Maybe the likes of Rush and co. should do live broadcasts from the Gulf and help raise funds for real families suffering from the oil spill disaster instead of standing on the sidelines and blowing kisses to the oil companies.  Just a thought.

Truth is, we’re all to blame.  The beautiful Gulf of Mexico is being sacrificed to quench our thirst for oil.  The dying baby dolphin carried to shore by a tourist last week in Pensacola serves as a gripping real-life reminder of this sacrifice.

The Gulf is our gift to thee, almighty S-U-V.

David Horsey of the Seattle Post-Intelligencer wrote on his blog that Republicans are beholden to corporate interests and that there is plenty of available evidence

Republicans, the Corporate Cult

There is more than a century of proof that big corporations do not always have the best interests of American citizens in mind.  There is a long litany of rivers that have been polluted, forests that have been ravaged, air that has been fouled, wildlife that has been killed and human beings who have been sickened by corporate disregard for the common welfare.  And, just in the last ten years, thanks to businesses like Enron, Worldcom, Washington Mutual, Goldman Sachs and a host of others, we have been shown that unmonitored capitalism inevitably devolves into a kind of piracy that can devastate the national economy.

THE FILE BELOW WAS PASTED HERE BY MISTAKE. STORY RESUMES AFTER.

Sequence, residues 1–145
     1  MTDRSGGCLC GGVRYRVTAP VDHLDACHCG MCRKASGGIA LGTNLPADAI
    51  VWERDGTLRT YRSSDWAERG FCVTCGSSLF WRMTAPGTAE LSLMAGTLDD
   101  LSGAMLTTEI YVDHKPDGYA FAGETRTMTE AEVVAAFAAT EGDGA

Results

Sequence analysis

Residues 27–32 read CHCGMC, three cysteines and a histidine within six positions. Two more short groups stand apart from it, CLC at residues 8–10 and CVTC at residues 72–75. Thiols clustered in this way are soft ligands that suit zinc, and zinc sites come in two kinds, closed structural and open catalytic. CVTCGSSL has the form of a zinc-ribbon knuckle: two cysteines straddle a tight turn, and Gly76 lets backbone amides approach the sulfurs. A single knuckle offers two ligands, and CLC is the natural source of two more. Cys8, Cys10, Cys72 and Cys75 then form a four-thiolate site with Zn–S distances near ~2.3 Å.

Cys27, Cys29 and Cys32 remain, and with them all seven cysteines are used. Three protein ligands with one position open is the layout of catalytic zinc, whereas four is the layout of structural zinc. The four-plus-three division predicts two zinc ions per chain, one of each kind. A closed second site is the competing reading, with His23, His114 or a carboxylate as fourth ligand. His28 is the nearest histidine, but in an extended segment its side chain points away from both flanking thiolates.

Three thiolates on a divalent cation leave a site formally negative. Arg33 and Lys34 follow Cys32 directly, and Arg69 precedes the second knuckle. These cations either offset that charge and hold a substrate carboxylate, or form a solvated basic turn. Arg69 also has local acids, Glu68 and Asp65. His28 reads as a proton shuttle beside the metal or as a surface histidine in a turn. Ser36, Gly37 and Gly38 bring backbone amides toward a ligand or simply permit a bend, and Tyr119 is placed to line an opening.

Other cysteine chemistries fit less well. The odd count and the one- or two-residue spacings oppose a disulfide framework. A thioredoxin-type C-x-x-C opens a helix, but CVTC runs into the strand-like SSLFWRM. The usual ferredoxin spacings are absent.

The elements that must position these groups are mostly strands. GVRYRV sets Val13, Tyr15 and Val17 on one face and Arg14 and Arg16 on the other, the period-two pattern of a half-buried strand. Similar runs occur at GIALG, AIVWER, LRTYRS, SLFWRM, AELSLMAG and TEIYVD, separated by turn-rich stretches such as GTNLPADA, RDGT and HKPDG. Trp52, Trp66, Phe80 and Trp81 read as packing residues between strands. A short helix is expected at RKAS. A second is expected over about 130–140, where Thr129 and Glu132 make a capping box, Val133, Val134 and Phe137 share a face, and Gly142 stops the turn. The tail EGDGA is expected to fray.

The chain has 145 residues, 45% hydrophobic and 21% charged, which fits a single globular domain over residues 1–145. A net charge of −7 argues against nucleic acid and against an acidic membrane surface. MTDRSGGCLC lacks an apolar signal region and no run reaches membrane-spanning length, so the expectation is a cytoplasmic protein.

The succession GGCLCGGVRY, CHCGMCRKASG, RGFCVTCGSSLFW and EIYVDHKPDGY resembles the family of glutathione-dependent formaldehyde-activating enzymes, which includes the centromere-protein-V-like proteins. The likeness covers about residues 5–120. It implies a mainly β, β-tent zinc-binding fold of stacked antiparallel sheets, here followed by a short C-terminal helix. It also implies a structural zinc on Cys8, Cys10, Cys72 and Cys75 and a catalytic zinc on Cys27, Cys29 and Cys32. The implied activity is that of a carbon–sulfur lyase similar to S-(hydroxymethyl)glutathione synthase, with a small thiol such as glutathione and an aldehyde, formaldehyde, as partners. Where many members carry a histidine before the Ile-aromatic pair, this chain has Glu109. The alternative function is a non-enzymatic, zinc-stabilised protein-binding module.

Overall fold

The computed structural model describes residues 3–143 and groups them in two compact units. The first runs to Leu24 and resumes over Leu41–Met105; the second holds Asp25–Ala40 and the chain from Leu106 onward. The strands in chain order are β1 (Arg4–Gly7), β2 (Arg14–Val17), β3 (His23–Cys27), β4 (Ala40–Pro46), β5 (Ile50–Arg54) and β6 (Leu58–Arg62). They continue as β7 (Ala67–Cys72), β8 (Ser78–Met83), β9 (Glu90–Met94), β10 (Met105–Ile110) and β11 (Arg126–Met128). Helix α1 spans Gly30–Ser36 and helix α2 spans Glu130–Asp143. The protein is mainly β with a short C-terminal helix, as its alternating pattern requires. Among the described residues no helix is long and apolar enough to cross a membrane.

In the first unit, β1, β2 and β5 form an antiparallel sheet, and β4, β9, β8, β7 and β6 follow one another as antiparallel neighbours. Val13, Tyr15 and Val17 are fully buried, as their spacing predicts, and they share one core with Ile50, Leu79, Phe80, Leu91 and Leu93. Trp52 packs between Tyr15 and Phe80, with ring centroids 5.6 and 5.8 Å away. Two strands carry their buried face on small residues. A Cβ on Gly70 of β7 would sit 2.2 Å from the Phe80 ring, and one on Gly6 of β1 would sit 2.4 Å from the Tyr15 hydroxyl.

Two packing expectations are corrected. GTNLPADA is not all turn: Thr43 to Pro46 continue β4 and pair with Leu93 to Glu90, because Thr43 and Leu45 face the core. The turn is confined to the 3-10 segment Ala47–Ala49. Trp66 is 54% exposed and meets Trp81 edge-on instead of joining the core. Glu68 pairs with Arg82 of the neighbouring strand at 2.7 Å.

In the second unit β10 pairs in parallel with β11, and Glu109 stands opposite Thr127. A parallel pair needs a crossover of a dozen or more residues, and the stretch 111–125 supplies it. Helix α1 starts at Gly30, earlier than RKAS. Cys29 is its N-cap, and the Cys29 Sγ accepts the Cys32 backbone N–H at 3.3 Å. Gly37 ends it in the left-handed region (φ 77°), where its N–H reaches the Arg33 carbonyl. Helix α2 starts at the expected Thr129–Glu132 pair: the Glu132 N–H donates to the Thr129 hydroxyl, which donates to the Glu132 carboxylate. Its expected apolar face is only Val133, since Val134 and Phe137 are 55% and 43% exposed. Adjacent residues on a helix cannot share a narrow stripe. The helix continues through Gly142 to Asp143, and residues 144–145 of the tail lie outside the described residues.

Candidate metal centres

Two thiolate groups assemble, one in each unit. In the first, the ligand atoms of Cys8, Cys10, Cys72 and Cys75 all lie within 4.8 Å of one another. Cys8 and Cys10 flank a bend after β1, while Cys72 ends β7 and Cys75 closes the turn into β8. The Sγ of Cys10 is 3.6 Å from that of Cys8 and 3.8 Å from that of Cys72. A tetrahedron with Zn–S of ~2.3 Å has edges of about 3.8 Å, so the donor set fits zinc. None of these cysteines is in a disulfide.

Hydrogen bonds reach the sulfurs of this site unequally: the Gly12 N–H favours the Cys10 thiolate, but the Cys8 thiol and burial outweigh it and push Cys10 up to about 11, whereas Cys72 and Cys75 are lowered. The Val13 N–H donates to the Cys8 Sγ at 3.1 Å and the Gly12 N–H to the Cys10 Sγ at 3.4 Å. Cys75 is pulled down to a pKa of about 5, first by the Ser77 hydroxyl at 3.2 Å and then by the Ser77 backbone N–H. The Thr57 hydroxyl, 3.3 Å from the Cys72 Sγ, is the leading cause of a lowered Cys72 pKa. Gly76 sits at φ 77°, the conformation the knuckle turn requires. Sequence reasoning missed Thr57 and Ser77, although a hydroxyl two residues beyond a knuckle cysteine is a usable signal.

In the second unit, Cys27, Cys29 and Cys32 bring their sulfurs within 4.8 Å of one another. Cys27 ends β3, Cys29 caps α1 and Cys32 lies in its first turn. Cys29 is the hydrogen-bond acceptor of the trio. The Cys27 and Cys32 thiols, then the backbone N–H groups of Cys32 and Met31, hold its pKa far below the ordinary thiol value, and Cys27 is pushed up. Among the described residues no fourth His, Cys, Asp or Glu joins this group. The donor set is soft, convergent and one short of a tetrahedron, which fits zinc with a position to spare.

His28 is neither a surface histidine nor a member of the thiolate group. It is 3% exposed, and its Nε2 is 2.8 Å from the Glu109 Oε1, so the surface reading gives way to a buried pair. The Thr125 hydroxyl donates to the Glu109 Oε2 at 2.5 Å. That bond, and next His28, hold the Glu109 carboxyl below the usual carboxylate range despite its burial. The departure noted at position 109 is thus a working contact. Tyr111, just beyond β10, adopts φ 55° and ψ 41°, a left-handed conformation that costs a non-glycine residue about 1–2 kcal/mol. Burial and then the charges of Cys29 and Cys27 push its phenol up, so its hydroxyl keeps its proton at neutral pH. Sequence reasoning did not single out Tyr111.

And yet, despite these undeniable examples, Republicans continue to defend corporate interests over the public interest and undermine reasonable regulation with fevered rhetoric about big, bad government.

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John Sherffius

John Sherffius, Comics.com (Boulder Daily Camera)

Over the past couple of weeks since I last wrote this diary, Republicans have taken a beating at the hands of the editorial cartoonists.  From being portrayed as callous to the plight of the unemployed and underemployed by refusing to extend unemployment benefits for millions of people as Meteor Blades detailed it in a front page post earlier today; acting indifferently to regulating Wall Street; defending British Petroleum at any costs when its actions are indefensible; and in a ongoing soap opera, its Chairman of the Republican National Committee yet again making a fool of himself by implying that contrary to evidence, George W. Bush really didn’t start the War in Afghanistan.

Despite its blatant lies and wall-to-wall opposition to the Obama Agenda, there is only one dominant issue in my opinion that will determine the outcome of this November’s Elections as it overshadows everything else: the level of unemployment.  While it is fair to constructively criticize the Obama Administration for additional steps it still could take to further reduce the level of despair around the country, it is a problem he inherited from the Bush Administration.  In any economic recovery — strong or feeble — sadly increased employment is a lagging indicator.